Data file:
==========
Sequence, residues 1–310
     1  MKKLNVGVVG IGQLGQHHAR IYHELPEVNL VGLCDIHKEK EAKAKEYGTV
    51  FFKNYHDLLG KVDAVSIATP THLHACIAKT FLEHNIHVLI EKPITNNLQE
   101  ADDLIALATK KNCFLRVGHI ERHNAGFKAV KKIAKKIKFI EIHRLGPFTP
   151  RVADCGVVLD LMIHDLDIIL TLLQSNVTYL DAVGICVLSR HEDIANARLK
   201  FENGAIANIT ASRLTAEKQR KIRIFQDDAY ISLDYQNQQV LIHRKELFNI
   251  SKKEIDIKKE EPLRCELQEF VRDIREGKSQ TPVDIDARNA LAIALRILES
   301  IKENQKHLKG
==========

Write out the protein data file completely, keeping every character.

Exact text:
Sequence, residues 1–310
     1  MKKLNVGVVG IGQLGQHHAR IYHELPEVNL VGLCDIHKEK EAKAKEYGTV
    51  FFKNYHDLLG KVDAVSIATP THLHACIAKT FLEHNIHVLI EKPITNNLQE
   101  ADDLIALATK KNCFLRVGHI ERHNAGFKAV KKIAKKIKFI EIHRLGPFTP
   151  RVADCGVVLD LMIHDLDIIL TLLQSNVTYL DAVGICVLSR HEDIANARLK
   201  FENGAIANIT ASRLTAEKQR KIRIFQDDAY ISLDYQNQQV LIHRKELFNI
   251  SKKEIDIKKE EPLRCELQEF VRDIREGKSQ TPVDIDARNA LAIALRILES
   301  IKENQKHLKG